The battle over how to spend state transportation money is shifting to a bill that would tap the budget for Wisconsin’s pedestrian and bike trails.
State Sen. Jim Sullivan, D-Wauwatosa, is driving a Joint Legislative Council bill that would boost state aid for trails to the tune of $10 million or 1 percent of the money generated by the state’s motor-fuel tax in the previous year.
“There are people that enjoy motorized and nonmotorized travel in this state every year,” Sullivan said. “We’re talking millions and millions of dollars in tourism and economic impact.”
But siphoning $10 million annually from the motor-fuel tax is drawing fire from road building groups.
“It’s not because we are against trails,” said Kevin Traas, director of transportation policy and finance for the Wisconsin Transportation Builders Association. “It’s because we don’t have the resources we need as it is, and the motor vehicle-fuel tax is a resource that is dwindling.”
Wisconsin collected $999.9 million from the tax in 2008, according to the Legislative Fiscal Bureau.
Projections show Wisconsin getting $958.3 million from the tax in 2009-10 and $960.2 million in 2010-11.
Road building advocates want a complementary revenue source for the motor-fuel tax — the state’s chief generator of transportation money — because changing transportation patterns and economic conditions are yielding less money.
Although Gov. Jim Doyle in the 2009-11 budget pushed for a tax on oil company receipts in Wisconsin, the state Legislature killed the motion and opted to move money from the state’s general budget to help pay for transportation projects during the next two years.
Alternatives, such as tolls, are under consideration, but lawmakers have yet to propose a bill to boost the transportation budget.
Craig Thompson, executive director of the Transportation Development Association of Wisconsin, said the state’s trails are important to quality of life but should not be a priority for motor-fuel money.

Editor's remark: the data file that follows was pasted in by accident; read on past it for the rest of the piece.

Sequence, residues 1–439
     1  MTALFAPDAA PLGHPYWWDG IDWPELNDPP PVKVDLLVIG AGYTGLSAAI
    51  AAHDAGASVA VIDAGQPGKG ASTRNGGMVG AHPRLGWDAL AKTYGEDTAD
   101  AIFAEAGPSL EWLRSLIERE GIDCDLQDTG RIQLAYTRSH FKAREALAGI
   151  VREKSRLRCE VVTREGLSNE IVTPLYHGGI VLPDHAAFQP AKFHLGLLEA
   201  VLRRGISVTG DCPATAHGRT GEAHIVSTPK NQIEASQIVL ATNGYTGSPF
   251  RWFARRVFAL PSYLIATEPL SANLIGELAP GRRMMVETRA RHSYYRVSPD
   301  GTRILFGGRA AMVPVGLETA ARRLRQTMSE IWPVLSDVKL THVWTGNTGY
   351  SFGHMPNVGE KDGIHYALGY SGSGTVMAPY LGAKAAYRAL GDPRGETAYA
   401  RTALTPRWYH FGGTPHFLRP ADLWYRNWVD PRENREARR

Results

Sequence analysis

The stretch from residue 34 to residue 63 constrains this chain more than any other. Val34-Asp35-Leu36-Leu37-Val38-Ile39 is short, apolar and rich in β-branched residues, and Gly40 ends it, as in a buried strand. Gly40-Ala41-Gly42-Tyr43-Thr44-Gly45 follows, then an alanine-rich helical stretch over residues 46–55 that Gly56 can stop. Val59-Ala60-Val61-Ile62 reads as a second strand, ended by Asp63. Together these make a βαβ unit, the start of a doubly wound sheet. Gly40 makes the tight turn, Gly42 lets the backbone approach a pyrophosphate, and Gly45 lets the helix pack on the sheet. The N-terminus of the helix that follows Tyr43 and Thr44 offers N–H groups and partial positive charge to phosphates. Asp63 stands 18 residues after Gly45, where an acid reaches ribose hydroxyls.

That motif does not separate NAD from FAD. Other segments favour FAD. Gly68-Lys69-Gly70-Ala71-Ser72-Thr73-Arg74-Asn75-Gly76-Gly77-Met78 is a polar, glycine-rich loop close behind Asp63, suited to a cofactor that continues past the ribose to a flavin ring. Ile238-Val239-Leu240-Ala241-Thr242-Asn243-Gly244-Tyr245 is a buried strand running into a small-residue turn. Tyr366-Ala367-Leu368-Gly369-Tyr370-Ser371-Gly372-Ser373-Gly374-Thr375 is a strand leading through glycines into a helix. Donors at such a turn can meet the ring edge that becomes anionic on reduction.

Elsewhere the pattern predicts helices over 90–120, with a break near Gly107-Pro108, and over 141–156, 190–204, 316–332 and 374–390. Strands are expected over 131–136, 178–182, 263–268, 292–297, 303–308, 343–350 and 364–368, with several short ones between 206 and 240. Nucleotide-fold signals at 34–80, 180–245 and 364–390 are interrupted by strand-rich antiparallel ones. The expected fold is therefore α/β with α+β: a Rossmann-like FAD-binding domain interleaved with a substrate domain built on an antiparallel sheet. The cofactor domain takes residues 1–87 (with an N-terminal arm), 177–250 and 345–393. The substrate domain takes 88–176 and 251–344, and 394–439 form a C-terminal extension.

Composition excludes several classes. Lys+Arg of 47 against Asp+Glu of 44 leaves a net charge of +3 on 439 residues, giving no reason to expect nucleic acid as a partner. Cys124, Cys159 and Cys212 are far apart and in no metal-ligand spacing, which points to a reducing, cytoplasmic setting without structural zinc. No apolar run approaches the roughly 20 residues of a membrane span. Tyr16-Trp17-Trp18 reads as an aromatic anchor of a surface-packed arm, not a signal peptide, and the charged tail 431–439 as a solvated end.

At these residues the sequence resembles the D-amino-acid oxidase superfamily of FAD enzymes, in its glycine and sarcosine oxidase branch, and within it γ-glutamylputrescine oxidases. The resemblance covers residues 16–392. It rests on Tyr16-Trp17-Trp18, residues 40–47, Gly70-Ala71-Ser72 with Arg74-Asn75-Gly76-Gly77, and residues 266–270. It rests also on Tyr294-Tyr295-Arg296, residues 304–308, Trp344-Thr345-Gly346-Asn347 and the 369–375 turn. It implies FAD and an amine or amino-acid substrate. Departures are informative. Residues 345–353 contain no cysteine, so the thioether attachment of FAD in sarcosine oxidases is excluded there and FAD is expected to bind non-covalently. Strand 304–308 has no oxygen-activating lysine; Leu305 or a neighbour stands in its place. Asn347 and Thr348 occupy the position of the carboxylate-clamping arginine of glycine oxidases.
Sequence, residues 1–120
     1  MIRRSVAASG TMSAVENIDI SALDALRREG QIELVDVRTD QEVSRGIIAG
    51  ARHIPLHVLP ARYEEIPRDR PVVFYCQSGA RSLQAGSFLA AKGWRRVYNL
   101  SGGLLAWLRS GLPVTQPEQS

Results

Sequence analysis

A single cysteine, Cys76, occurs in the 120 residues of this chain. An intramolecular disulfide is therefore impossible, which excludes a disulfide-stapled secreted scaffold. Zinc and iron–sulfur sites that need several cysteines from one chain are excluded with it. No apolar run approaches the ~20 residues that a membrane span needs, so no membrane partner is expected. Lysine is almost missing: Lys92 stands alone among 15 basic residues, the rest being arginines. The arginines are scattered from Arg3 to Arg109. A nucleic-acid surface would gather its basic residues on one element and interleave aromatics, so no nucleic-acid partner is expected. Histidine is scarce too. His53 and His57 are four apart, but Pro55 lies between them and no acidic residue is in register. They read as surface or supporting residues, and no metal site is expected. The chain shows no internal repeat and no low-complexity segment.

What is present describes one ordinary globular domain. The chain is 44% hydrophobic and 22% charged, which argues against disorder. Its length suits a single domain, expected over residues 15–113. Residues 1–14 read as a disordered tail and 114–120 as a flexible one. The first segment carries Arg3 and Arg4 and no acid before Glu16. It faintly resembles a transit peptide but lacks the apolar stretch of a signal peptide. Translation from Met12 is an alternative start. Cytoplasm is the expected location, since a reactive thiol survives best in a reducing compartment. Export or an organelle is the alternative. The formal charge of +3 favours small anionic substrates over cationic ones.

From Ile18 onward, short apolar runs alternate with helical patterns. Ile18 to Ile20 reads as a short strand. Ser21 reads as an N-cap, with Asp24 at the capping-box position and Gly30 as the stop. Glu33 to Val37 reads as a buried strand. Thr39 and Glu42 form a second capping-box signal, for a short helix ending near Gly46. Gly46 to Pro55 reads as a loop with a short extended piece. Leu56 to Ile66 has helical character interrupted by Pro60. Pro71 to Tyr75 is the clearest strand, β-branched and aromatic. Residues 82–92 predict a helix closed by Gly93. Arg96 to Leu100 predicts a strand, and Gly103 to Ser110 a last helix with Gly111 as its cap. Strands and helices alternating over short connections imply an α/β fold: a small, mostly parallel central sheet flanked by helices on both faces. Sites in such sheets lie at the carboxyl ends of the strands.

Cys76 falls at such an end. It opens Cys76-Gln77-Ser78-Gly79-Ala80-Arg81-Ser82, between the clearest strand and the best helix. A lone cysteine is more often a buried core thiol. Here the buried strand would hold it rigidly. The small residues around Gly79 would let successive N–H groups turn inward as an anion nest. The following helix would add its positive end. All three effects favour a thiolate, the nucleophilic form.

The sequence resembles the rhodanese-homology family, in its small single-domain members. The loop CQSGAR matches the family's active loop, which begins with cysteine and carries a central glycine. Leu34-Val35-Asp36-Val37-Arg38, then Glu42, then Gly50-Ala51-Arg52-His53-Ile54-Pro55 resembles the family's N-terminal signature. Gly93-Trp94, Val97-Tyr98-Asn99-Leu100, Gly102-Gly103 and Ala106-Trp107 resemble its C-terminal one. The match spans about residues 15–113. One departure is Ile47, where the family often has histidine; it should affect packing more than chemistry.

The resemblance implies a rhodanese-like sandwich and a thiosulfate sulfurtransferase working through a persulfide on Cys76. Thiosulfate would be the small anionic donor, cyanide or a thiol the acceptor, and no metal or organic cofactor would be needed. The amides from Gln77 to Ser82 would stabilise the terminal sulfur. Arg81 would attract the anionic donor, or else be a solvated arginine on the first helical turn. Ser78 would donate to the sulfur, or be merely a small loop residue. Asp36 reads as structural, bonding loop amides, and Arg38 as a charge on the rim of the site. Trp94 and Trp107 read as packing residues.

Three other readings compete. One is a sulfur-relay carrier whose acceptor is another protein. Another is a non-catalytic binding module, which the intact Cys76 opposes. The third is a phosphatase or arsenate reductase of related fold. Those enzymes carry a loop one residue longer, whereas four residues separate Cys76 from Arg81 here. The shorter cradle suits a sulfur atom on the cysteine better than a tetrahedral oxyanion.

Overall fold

“There are a number of diversions as to where that money goes,” he said. “Nine million dollars in a year might not seem like a lot, but you start to worry we’re going to be looking at death by 1,000 cuts.”
“I keep hearing reports about the work that needs to be done on the Zoo Interchange, and that’s a $2 billion budget item,” he said. “If transportation is going to mean more to us than just the internal-combustion engine, then we need to have a serious talk about how we’re going to pay for it.
“People are afraid to make change, and people are afraid to talk about funding sources.”
The committee that created the bill considered using tourism money to pay for trail maintenance, but Sullivan said that would not generate as much money.
“When you’re in the universe of diminished budgets and increased needs, an awful lot of us are going to go and say how unhappy we are with tax burdens,” he said.
Mike Wollmer, executive director of the Ice Age Park & Trail Foundation, said people who do not use motorized vehicles deserve consideration.
“There are alternative forms of transportation out there,” he said. “No disrespect to the automobile industry, but I think you’ll find that a lot of people prefer walking or biking, and these trails provide a transportation benefit to people all over the state.”
The 650-mile Ice Age Trail extends throughout Wisconsin. Eventually, it is to cover roughly 1,000 miles. Wollmer said maintenance work on the trail is left mostly to volunteers because state or federal money for upkeep often is in short supply.
“I know taking money from the motor fuels tax is not everybody’s cup of tea,” he said, “but it’s a reasonable idea that should be explored.”